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UK air passenger forecasts

In Jan 2000 the DfT published revised forecasts of air passenger. These forecasts are of crucial importance because they underpin the government’s policy of airport expansion. They also underpin the government estimates of aviation’s greenhouse gas emissions.

AEF has studied the forecasts in detail and concludes that there are signficant flaws. As a result, the government’s aviation and climate policy are being mis-informed.

An Executive Summary of the report follows; see also the full report (Word doc, 12pp).

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1. New forecasts of passenger demand were published by the government in Jan 2009.  This study examines the basis of these forecasts, summarises the forecasts, gives a critique and presents provisional re-forecasts for 2030 and 2050. 

2. The basic approach to forecasting up to 2030 is reasonable, we conclude, but we consider that the forecasts (‘unconstrained’ and ‘constrained’) are about 15% too high at 2030.  We also consider that the error limits, expressed by ‘high’ and ‘low’ forecasts, are significantly under-estimated, thereby suggesting that the forecasts are more accurate and robust than they really are.

3. We show that the airports policy is effectively, at a national level, ‘predict and provide’.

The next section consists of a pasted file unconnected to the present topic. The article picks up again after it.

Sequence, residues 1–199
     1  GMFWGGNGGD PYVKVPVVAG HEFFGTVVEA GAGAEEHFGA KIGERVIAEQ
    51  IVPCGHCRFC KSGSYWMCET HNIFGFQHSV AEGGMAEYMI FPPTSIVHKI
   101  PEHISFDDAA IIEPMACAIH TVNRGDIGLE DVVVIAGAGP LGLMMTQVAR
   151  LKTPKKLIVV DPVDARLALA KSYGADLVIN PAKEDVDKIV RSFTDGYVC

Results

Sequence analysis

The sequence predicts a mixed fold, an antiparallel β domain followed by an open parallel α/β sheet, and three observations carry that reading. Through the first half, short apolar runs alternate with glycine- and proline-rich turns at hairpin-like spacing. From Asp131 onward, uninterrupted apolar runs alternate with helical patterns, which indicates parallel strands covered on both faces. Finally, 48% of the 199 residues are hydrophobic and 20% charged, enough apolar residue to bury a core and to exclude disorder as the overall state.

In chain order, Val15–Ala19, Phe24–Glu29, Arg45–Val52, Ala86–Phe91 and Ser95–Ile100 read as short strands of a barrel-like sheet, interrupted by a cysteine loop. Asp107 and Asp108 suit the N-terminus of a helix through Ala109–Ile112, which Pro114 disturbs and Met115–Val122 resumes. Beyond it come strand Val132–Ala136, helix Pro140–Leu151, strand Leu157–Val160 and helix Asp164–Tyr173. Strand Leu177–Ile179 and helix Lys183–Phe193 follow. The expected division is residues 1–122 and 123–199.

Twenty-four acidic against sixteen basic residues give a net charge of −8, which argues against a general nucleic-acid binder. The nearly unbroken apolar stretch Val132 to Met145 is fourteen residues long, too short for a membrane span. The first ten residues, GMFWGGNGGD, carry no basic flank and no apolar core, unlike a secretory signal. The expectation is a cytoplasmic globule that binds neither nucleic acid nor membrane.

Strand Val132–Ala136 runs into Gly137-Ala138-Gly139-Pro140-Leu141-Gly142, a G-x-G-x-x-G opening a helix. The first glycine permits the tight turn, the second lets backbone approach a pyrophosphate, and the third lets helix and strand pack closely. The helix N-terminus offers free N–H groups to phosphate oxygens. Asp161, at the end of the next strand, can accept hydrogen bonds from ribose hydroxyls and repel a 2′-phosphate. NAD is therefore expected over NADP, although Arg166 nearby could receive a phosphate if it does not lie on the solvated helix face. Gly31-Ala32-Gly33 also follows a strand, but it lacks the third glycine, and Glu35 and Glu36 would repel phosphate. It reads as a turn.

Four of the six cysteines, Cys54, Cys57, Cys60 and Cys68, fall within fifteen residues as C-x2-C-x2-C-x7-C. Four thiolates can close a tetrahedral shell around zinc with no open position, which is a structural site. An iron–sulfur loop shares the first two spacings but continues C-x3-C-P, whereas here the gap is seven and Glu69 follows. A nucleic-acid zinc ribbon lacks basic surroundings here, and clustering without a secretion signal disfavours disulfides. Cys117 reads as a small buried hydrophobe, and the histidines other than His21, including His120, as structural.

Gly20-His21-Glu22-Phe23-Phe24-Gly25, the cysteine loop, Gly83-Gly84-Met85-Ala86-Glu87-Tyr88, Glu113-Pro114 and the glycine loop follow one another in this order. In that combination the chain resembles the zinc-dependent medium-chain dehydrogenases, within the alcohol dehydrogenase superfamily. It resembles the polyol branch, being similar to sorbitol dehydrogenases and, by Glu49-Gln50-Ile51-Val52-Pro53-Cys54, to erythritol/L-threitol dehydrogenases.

4. A 2030 forecast that is 15% lower means that the extra traffic carried due to new runways at Heathrow and Stansted would be much less than that claimed by DfT.  This would make it far harder to justify the impacts of expansion and would probably turn the claimed net economic benefit into a large loss.

5. From 2030 to 2050 the ‘constrained’ forecasts level off abruptly and, we consider, irrationally.  The government has assumed an about-change at 2030 away from its current predict and provide policy.  We estimate that the DfT has under-forecast by about 26% at 2050, relative to its 2030 forecast.

6. Climate policy uses a 2050 reference point.  Under-forecasting of demand at 2050 is likely to lead to under-forecasting of aviation’s CO2 emissions and other greenhouse gas emissions, thereby mis-informing government policy on climate change.

7.  A key feature of this analysis is that AEF’s re-forecasts use DfT data and virtually no new data.  This means that the reasons for divergence of forecasts are made clear and are not confounded by the use of different assumptions or datasets.

8. We recommend that the January 2009 forecasts are updated forthwith, taking full account of the issues raised here and elsewhere.